Hey! What’s goin’ on!
I recently submitted an email out to my subscribers, asking them what their most burning questions are on how to auto body and paint and in just a few hours, I got 10 pages of responses. I just printed them out. We probably have another 50 pages or so.
Thank You for replying to my email, guys.
So this is the first batch and I just wanted to do a quick Q&A today. I’m not going to do any demo on a project, I just want to go through some of these questions and answer them for you.
Let’s start with a question from Frank…
“Doing a two-tone color paint job…how to decide where to put the change in relationship to body lines.”
So this is where you can get creative and start thinking what you want to do. It’s usually a great place to do color-changing on the body line or right above it. Maybe an inch above it or an inch below it. You just have to follow that body line or you could do your fine-lined tape right on the body line and then do a two-tone from there.
But what I would do is, try to find the black and white version of your car…maybe you can take a picture of it or find it online and then you could experiment. If you’re not the best artist like Chip Foose, you can just trace or shade and color the picture to have a clear picture on how it might look like. You could do all your designs, two-tone graphics, use markers and pens, etc. That’s how you could come up with some general concept idea of how you would want to do your graphic and your two-tone color scheme.
So I suggest you do that. Go print something out on paper and get an idea of what it’ll look like. I did this with the Yamaha YSR50 Project.
Watch the video below as I talk about this concept. I also show you step-by-step of how I came up with the color scheme for the motorcycle and how we did it.
Tony, I want to set up a hobby paint shop. I have a basic compressor and a suction type sprayer. What would be the minimum cost to properly set up a basic shop with essentials? Thanks, Sam
In the video, you can see my 60-gallon 5 hp BelAire compressor. I think I paid a little over a thousand bucks for it. It is on the high side because I wanted to get something that would last me a long time. It’s more pricey because it’s high-end, the motor is made in Italy and all but you don’t have to do that. You can get one of those less expensive brands like Campbell Hausfeld or Craftsman. You can get those compressors for $600 or less.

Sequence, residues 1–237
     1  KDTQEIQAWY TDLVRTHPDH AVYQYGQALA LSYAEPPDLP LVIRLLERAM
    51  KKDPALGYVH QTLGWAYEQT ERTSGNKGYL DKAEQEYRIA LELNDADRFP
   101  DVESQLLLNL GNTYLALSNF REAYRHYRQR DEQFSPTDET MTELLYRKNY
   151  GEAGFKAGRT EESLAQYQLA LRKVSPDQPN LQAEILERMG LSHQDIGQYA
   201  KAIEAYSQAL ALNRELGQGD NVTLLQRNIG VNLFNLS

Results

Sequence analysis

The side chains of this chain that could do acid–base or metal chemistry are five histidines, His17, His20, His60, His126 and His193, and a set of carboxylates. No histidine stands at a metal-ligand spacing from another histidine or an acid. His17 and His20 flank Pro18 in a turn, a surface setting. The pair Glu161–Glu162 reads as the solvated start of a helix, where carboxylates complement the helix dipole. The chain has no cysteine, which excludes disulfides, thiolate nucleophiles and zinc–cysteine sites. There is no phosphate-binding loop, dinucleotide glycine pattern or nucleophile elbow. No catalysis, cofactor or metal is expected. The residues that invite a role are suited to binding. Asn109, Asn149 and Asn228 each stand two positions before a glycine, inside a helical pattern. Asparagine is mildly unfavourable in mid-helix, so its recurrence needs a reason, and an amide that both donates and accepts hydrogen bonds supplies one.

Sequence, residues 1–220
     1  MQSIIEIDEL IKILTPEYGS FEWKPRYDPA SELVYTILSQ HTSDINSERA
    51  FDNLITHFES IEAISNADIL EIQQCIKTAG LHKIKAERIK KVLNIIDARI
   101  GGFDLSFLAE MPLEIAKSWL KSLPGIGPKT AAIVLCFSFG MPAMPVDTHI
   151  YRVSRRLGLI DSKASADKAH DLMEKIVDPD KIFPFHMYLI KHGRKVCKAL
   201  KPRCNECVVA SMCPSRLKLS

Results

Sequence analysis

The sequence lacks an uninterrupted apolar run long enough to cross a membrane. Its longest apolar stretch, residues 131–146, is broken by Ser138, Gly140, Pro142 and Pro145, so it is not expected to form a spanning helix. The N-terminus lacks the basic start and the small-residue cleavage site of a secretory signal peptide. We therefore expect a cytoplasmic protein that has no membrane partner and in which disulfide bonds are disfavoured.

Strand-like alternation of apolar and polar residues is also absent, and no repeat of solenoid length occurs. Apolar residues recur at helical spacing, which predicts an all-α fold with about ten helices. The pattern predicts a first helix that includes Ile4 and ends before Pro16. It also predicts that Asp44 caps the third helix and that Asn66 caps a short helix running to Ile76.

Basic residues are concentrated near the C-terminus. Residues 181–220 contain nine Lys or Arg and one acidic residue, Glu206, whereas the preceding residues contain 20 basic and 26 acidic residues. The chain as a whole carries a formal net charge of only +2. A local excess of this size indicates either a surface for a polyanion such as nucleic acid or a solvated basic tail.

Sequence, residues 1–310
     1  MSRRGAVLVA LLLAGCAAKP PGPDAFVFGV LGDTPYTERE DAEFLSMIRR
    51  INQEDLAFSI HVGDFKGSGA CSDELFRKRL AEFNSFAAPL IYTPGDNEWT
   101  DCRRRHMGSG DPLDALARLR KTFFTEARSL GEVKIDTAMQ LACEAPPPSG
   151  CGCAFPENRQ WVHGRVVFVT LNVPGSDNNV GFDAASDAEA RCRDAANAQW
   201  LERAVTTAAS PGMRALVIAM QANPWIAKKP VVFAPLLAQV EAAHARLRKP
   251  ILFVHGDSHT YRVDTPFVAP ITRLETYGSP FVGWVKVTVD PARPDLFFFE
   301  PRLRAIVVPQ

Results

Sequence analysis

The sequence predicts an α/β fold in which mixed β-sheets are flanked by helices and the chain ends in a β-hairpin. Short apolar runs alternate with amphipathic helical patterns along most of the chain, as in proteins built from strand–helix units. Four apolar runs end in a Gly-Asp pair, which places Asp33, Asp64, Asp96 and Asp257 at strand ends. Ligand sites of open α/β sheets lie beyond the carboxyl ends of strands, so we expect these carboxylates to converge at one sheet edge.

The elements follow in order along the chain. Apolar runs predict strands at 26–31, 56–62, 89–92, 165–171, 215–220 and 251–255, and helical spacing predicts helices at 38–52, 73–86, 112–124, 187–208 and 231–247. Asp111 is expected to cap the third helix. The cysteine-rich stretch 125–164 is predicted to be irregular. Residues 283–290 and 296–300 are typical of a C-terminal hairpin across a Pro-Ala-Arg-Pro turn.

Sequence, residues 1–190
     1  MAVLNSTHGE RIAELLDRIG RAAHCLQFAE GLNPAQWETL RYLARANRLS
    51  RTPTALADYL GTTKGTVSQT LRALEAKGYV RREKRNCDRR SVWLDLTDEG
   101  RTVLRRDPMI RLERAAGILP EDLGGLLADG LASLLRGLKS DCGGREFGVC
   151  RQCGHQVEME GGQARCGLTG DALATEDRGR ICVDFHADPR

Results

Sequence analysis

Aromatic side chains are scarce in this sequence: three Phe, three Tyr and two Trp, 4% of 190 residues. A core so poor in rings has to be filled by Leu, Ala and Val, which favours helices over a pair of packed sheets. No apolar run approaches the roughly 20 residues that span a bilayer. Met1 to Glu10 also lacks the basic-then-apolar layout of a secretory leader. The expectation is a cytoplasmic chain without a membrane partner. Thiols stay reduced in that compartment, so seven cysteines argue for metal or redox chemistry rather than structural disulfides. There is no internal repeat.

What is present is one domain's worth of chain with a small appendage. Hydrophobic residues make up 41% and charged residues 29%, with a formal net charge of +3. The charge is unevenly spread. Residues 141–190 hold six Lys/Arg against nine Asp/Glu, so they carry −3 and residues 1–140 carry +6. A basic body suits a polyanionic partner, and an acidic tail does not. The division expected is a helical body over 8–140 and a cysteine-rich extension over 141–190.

And if you find the time to look around in eBay, you could probably pick one up for just a few hundred dollars and in great condition. You’d want to get something with at least a 60-gallon air tank size. This way you have the volume to complete painting your work and projects without running out of air or your compressor having to strain.
I would say, save $500 for a good size compressor, another $200-$300 for a paint gun, $200-$300 for a bunch of auto body tools, dollies, etc. I’d say for around $1500, you can have a pretty good set to get started.
You don’t have to get everything at once. That’s the thing about auto body or any kind of mechanical tool sets that you’ll have…little by little, you’ll go buying new ones and add it to your arsenal.
I didn’t have everything complete when I first started. As I made money with customer jobs, I bought more tools and equipments. Like when I needed say, a stud welder for a particular job…so I just tacked it on to the job and bought that tool for that purpose and I have it forever. You know, so little by little. 😀
Here’s another one from Bryant…
“Hey Tony, I have been doing cars for over 40 years. Your info is outstanding. I would like to help if possible.”
Well, thank you very much. I’ll be contacting you.
Jeff is asking…
“How to block sand panels for a perfect finish?”